Garden Log, June 2010

Table Rose (moss rose)
Table Rose (Moss Rose) in Bloom

June started with warm weather and thunderstorms here in Houston.

Yellow squash and zucchini plants are in their final stage, so had to remove them. They were such characters with those big, prolific leaves, flowers and fruit. With them gone, the veggie patch seemed little empty this evening.

Planted few more seeds of turai, chikkudu and karela.

On green leafy front, sowed green and red amaranth (thotakura) seeds and another patch of gongura seeds last week. They thrive in hot weather and the seedlings are coming up nicely.

Kept few cucumbers on the vine until they are very big and mature for seeds.

Weighed the tomato harvest today. Yield was 10 pounds. Another 5 pounds from the last two weeks for a total of 15 pounds from 12 plants. There are still at least another two pounds of tomatoes on the plants. Not bad.

Tomato plants are growing tall, but there are no new flowers/fruit. Would it be helpful to prune the tomato plants to encourage new growth and fruit? Appreciate response from experienced tomato growers.

Here are some vegetable harvest photos for this week:


Tomatoes (Brandywine, Celebrity, Cherokee Purple), 10 pounds and
12 cherry tomatoes


1 zucchini, 2 yellow squash, 5 cucumbers, 6 mirchi


3 bell peppers, 7 brinjals, 12 okra


3 ripe cucumbers for seeds

Green Tomato Chutney

I have so many tomatoes from my garden right now and it’s overwhelming. I have been cooking as many dishes as possible before they get spoiled in this warm and humid Houston weather. One of the recipes I have come up is delicious tasting India inspired chutney with green tomatoes. The recipe is easy, requires only five ingredients and stores well too. The chutney has mild mix of sour-sweet-spice ruchi and tasted really good when applied on toasted bread/chapati.

Green Tomatoes from my Garden
Green Tomatoes from My Garden

Green Tomato Chutney
(makes about four cups of chutney)

4 big-sized green tomatoes, coarsely chopped, about 6 cups
2 medium-sized onions, coarsely chopped, about 3 cups
6 to 8 green chillies, Indian or Thai variety, finely chopped
1 tablespoon, peanut oil
1/2 teaspoon, sea salt or to taste

1. Heat a heavy pot, pour peanut oil and heat until hot about a minute.
2. Add onion and chillies. Stir-fry until they are soft and pale brown.
3. Add green tomatoes. Saute over medium heat for about ten minutes. When tomatoes are cooked to soft mush, turn off the heat. Let the ingredients cool to room temperature.
4. Take them in a blender or mortar. Add salt and puree until smooth. Taste and adjust salt if necessary. Ladle into a clean jar.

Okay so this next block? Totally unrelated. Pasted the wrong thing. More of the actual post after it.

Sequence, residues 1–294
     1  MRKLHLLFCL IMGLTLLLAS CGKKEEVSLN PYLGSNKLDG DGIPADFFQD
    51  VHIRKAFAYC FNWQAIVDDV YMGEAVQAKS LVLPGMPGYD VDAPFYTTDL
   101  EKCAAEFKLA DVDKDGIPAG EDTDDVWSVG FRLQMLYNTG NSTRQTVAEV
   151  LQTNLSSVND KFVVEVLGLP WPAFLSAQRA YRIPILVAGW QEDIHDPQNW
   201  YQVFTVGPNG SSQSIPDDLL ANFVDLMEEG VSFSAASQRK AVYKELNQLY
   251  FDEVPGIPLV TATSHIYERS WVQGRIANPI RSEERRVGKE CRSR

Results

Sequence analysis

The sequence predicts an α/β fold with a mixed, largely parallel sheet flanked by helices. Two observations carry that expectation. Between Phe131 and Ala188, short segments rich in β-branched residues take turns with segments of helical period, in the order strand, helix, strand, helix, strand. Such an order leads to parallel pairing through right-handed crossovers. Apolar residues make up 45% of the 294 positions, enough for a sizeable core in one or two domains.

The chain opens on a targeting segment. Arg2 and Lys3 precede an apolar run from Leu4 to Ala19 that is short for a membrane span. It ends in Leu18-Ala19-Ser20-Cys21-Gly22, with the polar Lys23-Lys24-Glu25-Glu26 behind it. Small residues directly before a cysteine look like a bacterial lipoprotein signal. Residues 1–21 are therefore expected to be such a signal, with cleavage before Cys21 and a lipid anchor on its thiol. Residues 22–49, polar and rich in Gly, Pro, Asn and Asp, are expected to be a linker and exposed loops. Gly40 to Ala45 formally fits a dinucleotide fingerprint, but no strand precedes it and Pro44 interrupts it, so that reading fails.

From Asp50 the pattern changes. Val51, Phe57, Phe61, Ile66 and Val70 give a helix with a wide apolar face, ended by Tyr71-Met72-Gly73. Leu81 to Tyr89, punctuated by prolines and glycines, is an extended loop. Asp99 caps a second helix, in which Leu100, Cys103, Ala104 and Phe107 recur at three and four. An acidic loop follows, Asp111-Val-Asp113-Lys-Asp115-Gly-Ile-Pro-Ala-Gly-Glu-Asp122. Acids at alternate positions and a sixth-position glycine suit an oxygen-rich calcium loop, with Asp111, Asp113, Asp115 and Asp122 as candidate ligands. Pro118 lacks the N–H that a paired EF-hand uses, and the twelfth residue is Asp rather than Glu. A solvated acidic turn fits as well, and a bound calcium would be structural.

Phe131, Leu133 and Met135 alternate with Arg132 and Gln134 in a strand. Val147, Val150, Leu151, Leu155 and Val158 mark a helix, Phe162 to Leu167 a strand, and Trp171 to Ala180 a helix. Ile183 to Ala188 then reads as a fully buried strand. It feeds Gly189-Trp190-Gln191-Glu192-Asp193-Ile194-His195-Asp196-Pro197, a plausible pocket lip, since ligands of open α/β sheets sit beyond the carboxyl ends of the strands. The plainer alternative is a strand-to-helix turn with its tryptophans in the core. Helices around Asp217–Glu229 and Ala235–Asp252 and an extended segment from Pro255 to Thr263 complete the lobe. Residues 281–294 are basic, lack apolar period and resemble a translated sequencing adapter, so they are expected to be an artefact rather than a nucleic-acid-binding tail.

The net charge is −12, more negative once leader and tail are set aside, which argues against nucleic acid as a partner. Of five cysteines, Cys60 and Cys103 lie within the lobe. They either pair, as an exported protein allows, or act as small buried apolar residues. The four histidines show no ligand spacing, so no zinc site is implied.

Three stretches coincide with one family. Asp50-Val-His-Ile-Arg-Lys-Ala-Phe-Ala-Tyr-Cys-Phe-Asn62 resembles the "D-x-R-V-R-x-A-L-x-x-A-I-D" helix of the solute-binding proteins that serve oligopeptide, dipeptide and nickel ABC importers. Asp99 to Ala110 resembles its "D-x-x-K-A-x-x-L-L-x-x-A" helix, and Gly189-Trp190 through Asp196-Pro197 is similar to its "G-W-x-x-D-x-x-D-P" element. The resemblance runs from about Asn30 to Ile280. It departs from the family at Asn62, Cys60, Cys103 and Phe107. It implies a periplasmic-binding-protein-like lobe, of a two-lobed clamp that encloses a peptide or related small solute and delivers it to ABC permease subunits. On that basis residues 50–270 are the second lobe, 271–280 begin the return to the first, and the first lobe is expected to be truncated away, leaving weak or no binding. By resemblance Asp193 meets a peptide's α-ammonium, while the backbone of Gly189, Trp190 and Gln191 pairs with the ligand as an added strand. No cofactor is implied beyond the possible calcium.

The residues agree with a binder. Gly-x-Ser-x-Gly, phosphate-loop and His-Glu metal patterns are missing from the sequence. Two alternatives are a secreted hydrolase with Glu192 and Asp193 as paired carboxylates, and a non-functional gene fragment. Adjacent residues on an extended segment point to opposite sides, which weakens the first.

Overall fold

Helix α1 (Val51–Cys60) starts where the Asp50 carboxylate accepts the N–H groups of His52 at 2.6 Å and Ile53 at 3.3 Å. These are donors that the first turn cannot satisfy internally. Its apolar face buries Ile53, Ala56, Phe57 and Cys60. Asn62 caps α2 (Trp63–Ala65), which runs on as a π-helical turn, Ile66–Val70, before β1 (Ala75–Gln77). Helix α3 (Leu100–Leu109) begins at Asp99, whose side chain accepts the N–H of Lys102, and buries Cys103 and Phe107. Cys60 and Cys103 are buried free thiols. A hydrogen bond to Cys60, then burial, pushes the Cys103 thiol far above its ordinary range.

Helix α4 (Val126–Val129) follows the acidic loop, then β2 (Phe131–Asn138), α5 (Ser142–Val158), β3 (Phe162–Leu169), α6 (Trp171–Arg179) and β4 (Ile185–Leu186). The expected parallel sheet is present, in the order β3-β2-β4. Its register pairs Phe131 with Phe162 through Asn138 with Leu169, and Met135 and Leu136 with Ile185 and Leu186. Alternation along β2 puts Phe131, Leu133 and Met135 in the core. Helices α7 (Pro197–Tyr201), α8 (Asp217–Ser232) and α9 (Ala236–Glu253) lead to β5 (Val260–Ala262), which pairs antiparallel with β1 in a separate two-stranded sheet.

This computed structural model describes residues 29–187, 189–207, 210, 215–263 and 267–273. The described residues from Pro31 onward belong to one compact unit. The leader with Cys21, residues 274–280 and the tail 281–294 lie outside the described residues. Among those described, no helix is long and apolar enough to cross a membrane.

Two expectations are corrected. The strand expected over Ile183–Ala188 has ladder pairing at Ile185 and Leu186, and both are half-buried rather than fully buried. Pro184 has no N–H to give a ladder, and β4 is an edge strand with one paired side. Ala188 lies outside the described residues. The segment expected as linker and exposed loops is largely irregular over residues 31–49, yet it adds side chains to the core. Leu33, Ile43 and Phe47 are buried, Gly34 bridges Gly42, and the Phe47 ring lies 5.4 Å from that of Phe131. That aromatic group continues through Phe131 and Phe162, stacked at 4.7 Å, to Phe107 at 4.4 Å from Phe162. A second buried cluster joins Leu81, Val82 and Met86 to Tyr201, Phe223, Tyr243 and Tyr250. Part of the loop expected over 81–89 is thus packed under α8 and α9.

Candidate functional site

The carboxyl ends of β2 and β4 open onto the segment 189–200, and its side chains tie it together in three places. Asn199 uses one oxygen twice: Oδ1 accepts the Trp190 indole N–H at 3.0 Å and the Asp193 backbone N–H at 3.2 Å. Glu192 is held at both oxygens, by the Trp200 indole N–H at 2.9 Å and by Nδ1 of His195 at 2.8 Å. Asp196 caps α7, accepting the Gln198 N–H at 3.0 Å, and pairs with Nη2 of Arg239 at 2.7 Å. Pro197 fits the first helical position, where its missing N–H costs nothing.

5. Serve green tomato chutney with your favorite savory items. The chutney stays fresh for about a week, when refrigerated.

Green Tomato Chutney on Toasted Bread
Green Tomato Chutney on Toasted Bread ~ for Meal Today

Tomato-Garlic Rasam from Nandyala

I left some of the harvested cherry tomatoes on the kitchen counter. Waited a week. When they ripened to deep red, soft to touch stage, I prepared one of my favorite tomato recipes, the traditional tomato-garlic rasam of Nandyala. The rasam has all the usual and lovable characters- the ripe tomatoes, garlic and Indian spices and no gimmicky substances like store-bought stock, ‘enriched’ flour or loads of butter. One thing the rasam demands is that we put some energy into it. No machines, just using our God-given hands. For the effort, the tomatoes richly reward us with their bold, exquisite essence making the rasam tasting a memorable experience.

Home-grown Cherry Tomatoes
Homegrown Cherry Tomatoes

Tomato Garlic Rasam from Nandyala
(for 2 to 4 meal portions)

Prepare the rasam only with burst on touch, water balloon like very ripe tomatoes.

Tomatoes: Take 10 very ripe cherry tomatoes or 2 vine-ripe tomatoes in a big bowl. Chop them coarsely into the bowl. Add a tablespoon of tamarind pulp and a fistful of fresh cilantro leaves. Add a cup of water. Using your clean hand, gently squeeze the ingredients together to extract the juicy essence. Pull up a chair, sit and patiently do it at least for five minutes to bring out the best. Pour the juice through a filter into a bowl, repeat the process one more time and discard the squeezed out pulp.

Garlic : In a mortar, (no blenders, please) take a peeled, plump garlic clove. Add 4 cloves, a tablespoon of coriander seeds, quarter teaspoon each – cumin seeds and black peppercorn. With a pestle, crush the ingredients to smooth paste without adding any water.

Tomato-Garlic Rasam: Heat a teaspoon of peanut oil in a vessel. Add and toast a sprig of curry leaves, a pinch of cumin seeds to fragrance. Add the tomato juice from step 1 and garlic-spice paste from step 2. Sprinkle a quarter teaspoon each- turmeric and salt. Stir in a tablespoon of crushed jaggery and a cup of water. Mix well. Bring the rasam to boil and then simmer for about five minutes.

Serve the tomato-garlic rasam warm in a bowl. Bursting with tomato essence and in bold red, the rasam is great to sip on its own or to eat with cooked rice.

Tomato Garlic Rasam
A Bowl of Tomato-Garlic Rasam ~ for Meal Today

WordPress Themes